He said it was good to be able to collect the samples, (he looks at rubble, shells and rocks) even though he will not to be able to work the information fully, as he doesn't have an official posting or funding for further research. The samples he has collected will go to a retired bryozoan expert in Melbourne, and they will work them up together.

Kevin said his ability to access the deeper sites had been hindered partly by the weather and only being able to search while snorkelling on this trip.

He said he has recognised 95 per cent of the species that he had come across here.

Many of his samples had come from the lagoon but he thinks there may be more species on the outer reef. He said there was the possibility that there was more diversity to be detected if he were to collect samples from greater depths and other locations.

There are some species Kevin said he would expect here, but so far he has not yet found them.

"It may be phenomenally diverse; I don't think it is, my gut feeling is that it is not as diverse as the Great Barrier Reef. But it is interesting for the fact that it isn't diverse," he said.

"It may be because we are getting to the bottom of the tropics that we are not finding the tropical bryozoans I would have expected to find.

"But as there is so little known about tropical bryozoans it is hard to generalise about numbers.

"It is a good starting point for Western Australia," he said.

He said he was looking at a three inch shell that Magda had collected for him which carried about eight species on it, and added three species to his list. "That shell was from a different place, a different depth, it is about trying to get samples from as many and varied places as possible".

Typically, he said, he waited for the items collected from the reef floor to dry before looking at them.

"The whole rock glistens when it is wet, making it difficult to differentiate the bryozoans but when it is dry, only the bryozoans glisten, because they have an organic layer over the top of them," he said.

He said while he was at Ningaloo he would try a technique used by a colleague which involved adding food colouring to the water they were kept in. This method was meant to highlight the colonies when wet.

In WA he has been looking at the specimens under a microscope, but when back in the laboratory he would use an electronic microscope. This makes telling the species apart easier as the distinguishing characters are so small and only really visible at high magnification.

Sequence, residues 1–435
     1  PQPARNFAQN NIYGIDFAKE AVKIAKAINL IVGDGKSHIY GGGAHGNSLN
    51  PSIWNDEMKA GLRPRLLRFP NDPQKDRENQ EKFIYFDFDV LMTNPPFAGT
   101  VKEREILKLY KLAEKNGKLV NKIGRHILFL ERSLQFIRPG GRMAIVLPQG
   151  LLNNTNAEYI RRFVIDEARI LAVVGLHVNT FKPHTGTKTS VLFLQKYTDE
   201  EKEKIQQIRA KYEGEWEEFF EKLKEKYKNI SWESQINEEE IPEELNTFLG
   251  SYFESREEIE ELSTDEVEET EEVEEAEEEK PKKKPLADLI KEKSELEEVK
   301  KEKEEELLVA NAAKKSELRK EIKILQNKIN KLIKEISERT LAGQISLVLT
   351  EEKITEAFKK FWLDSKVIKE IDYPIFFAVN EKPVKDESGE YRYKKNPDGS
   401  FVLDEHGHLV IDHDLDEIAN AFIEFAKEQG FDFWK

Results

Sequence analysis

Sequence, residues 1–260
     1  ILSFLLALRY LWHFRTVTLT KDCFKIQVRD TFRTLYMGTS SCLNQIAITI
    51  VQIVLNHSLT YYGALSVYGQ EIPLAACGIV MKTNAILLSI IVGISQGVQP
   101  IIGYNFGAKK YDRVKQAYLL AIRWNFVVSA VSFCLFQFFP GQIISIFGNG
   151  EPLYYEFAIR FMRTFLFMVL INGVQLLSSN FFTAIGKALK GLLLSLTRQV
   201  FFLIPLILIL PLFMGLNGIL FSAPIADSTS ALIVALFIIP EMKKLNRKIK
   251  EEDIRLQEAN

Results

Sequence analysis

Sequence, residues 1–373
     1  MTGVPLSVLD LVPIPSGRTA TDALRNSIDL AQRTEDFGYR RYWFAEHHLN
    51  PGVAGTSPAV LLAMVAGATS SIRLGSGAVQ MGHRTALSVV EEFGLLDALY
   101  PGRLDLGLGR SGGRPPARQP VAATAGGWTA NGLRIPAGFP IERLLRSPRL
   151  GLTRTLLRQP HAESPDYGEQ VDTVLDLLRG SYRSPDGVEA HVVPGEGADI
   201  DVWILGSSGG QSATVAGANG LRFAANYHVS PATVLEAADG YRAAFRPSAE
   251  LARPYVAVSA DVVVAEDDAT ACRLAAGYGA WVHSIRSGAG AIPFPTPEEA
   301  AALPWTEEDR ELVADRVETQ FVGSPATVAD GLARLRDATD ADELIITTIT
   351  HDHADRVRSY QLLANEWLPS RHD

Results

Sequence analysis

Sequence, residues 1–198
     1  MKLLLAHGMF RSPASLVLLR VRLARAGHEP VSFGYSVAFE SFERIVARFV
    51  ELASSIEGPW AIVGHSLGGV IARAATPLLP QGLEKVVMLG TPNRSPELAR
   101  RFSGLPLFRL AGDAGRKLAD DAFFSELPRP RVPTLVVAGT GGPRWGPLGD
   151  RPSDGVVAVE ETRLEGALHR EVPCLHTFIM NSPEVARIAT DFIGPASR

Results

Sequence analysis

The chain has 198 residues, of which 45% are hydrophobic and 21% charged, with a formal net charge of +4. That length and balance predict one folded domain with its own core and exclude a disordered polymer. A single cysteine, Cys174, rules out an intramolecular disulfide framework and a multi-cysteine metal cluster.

Kevin Tilbrook examines one of the many samples collected from the Ningaloo lagoon.

Kevin Tilbrook examines one of the many samples collected from the Ningaloo lagoon. Image: Gary Cranitch

He said he was looking at a three inch shell that Magda had collected for him which carried about eight species on it, and added three species to his list. "That shell was from a different place, a different depth, it is about trying to get samples from as many and varied places as possible".

Typically, he said, he waited for the items collected from the reef floor to dry before looking at them.

"The whole rock glistens when it is wet, making it difficult to differentiate the bryozoans but when it is dry, only the bryozoans glisten, because they have an organic layer over the top of them," he said.

He said while he was at Ningaloo he would try a technique used by a colleague which involved adding food colouring to the water they were kept in. This method was meant to highlight the colonies when wet.

In WA he has been looking at the specimens under a microscope, but when back in the laboratory he would use an electronic microscope. This makes telling the species apart easier as the distinguishing characters are so small and only really visible at high magnification.

 

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CReefs Australia: A partnership between BHP Billiton, the Great Barrier Reef Foundation,
the Census of Marine Life and the Australian Institute of Marine Science (AIMS).
CReefs Australia is a node of the Census of Coral Reef Ecosystems (CReefs),
a project of the Census of Marine Life.

Web contact: web@aims.gov.au

Copyright (c)2008-2010 Australian Institute of Marine Science
URL http://www.aims.gov.au/creefs